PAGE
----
Why I rate term deposits for investing

25 Jan 10 / Posted by: Jessica

With all the talk of property slumps, sharemarket crashes and bank bailouts it can be hard to know exactly where to stash your hard-earned cash these days.

Supposedly confidence is now returning to the economy but until we believe it, a high interest savings account or term deposit is probably the best alternative to that sock under your mattress in the meantime.

As the name suggests, a term deposit is a type of account where you bank a lump sum for a fixed timeframe – usually between 30 days and five years. The bank guarantees to give you your initial investment back, plus interest (minus tax) at the end of this period when it “matures”.

Term deposits won’t give you the really high returns that shares or property may achieve in the long-term, but they also don’t come with as much risk – especially if you stick to the ones that have a government guarantee. The fact that you can usually access your funds if you need to (most banks allow you to “break” the investment before the due date albeit with a penalty in the form of reduced interest) can also be useful.

Of course, if you get an unexpected cash windfall and you do have a mortgage, it’s almost always in your best interests to pay that debt off first. That’s because the interest you’re paying on your mortgage is higher than what you’ll earn on any money sitting in the bank. But if the mortgage is paid, or you just want to know what to do with short-term emergency funds then here are some tips:

Research term deposits from a range of banks

The days when a lifetime of loyalty to one bank was rewarded through preferential treatment are long gone. Shop around for the best deal you can get even if it means moving away from your everyday bank. And don’t be afraid to try to haggle for a higher interest rate or better terms than what they’re advertising. The website www.interest.co.nz has a useful list of up-to-date interest rates for all the banks, along with a calculator to help you find the best deal.

Take more than just the interest rate into account

As with mortgages, the interest rate isn’t the only thing to take into account when choosing a savings or term deposit account. Length of investment, any fees or criteria, and the timing of interest payments are all things you should consider carefully.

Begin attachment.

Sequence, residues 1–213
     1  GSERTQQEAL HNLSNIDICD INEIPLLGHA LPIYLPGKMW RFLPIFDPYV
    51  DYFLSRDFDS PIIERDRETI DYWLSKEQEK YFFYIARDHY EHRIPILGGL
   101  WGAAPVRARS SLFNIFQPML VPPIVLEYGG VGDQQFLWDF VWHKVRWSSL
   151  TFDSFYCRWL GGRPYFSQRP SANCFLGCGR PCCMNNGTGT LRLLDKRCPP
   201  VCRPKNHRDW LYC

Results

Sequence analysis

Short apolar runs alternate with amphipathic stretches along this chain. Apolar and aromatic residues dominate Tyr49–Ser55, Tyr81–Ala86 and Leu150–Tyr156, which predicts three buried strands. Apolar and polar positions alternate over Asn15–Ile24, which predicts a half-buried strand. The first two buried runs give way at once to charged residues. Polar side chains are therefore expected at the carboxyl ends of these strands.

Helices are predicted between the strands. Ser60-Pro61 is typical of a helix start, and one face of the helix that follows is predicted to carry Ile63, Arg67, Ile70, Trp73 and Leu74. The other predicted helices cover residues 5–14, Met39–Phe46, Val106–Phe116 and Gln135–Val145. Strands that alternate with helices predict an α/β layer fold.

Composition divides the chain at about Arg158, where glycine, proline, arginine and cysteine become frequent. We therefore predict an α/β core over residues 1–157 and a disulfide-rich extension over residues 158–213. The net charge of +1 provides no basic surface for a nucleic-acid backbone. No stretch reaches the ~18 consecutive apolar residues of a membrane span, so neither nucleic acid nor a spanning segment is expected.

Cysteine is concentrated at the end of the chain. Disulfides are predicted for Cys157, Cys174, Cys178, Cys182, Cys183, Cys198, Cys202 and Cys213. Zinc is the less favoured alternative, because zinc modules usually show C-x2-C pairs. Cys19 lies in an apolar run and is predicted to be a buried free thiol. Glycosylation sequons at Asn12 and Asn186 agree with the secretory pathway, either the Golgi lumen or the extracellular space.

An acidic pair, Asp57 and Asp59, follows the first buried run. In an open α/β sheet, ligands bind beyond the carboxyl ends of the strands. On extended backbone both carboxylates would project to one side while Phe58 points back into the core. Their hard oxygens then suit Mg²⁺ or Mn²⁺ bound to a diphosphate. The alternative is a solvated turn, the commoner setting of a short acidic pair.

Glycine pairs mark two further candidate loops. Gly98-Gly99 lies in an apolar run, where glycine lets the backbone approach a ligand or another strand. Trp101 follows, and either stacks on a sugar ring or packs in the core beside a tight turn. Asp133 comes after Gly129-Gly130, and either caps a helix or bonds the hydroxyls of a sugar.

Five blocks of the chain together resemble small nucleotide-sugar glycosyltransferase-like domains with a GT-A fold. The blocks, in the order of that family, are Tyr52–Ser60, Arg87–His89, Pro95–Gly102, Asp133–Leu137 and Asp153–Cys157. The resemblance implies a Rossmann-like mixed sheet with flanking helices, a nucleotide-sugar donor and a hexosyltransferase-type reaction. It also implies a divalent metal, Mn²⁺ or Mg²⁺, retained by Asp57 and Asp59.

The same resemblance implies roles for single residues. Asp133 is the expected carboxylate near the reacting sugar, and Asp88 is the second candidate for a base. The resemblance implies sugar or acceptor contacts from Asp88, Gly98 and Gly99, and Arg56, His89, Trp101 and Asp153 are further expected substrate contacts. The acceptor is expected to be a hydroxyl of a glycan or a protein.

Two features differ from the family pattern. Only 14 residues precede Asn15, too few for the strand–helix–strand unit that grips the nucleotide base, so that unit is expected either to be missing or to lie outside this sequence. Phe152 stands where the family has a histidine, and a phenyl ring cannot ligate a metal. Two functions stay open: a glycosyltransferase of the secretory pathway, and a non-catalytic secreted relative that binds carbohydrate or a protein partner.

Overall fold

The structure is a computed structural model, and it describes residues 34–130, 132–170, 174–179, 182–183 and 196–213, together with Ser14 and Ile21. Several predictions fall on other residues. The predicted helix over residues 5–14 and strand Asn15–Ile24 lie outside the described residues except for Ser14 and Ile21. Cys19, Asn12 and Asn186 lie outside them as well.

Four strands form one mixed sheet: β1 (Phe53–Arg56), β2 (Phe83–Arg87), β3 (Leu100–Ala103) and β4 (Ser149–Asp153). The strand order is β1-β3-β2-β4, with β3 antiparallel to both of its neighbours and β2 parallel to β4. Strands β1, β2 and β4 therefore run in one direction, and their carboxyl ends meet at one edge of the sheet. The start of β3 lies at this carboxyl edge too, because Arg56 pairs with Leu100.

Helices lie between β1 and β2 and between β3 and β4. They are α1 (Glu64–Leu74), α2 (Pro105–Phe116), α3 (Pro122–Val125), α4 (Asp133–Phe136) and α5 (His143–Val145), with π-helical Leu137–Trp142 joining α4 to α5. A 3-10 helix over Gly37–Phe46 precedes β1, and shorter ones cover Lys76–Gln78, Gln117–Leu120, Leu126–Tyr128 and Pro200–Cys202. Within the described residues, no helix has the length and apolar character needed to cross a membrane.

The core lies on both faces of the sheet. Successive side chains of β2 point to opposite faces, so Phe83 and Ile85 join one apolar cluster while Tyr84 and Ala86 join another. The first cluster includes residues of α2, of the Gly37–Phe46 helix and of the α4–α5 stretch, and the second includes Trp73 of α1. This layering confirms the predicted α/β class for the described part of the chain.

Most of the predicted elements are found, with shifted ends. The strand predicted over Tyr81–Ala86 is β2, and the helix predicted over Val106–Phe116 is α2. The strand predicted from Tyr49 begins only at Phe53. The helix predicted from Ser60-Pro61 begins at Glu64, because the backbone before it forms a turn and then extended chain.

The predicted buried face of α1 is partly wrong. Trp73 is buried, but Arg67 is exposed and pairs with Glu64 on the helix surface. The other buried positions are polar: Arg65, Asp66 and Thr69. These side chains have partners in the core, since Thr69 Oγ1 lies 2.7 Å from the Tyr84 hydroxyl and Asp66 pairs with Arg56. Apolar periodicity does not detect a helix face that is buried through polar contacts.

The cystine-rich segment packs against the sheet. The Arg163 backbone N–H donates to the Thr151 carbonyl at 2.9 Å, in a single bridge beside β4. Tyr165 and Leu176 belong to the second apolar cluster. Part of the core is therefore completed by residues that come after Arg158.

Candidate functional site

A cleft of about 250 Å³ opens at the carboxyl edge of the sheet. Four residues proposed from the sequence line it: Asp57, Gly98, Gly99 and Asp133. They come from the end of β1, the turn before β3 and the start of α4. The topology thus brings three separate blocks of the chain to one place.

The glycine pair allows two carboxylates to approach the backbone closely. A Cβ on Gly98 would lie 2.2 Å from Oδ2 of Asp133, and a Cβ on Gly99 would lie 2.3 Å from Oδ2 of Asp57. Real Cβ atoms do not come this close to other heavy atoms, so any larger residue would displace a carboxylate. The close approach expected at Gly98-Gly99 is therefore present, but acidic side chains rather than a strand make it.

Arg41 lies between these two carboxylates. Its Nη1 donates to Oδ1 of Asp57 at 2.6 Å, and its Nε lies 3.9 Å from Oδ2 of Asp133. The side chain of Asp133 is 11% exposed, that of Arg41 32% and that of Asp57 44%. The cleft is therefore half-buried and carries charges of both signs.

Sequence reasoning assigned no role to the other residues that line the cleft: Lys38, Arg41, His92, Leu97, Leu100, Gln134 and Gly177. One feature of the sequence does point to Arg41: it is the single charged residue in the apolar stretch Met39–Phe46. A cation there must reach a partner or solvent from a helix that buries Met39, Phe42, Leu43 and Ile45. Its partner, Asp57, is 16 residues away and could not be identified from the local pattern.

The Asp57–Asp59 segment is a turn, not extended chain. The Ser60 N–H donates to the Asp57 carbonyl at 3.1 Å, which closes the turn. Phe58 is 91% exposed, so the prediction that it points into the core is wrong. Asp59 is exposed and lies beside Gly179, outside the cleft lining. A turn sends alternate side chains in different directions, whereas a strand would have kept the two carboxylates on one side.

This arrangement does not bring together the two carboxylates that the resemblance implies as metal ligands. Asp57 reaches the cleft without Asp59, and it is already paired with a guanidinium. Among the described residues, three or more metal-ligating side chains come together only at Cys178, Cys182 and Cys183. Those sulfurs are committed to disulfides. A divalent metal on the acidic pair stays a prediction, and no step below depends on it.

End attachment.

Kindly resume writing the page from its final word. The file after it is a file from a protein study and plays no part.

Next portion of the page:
Negotiate to get your interest paid sooner than “at maturity” if you can

Interest calculated and added to your initial lump sum on a monthly, quarterly or even six-monthly basis will mean you earn interest on your interest and make more money than if you’re just paid interest when your investment matures at say, 12 months.

Check the fees and charges

It goes without saying that you must check the small print. In most cases you won’t pay anything for a term deposit – unless you try to withdraw your funds before the investment matures. Many banks will let you do this, but they’ll reduce the interest you earn as a result – often by around 2%, which may mean you get less than if you’d just left your money sitting in a day-to-day cheque account.

Check the Crown Retail Deposit Guarantee Scheme covers your investment

Until 31 December 2011, you have the added security of knowing that term deposits which are covered by the Crown Retail Guarantee Scheme are guaranteed by the New Zealand Government up to a maximum of $1 million. Visit www.treasury.govt.nz for further information on the scheme.

Try a slice of PIE

Portfolio Investment Entities or PIEs are a relatively new investment option, which are often promoted by banks as an alternative to standard term deposits. They are essentially a type of managed fund with an advantage in that investors’ interest is only taxed at the comparatively low rate of either 19.5% or 30%. This can make them very attractive but as with any investment check the fine print, as they may not be covered by the same
guarantees as standard term deposits.

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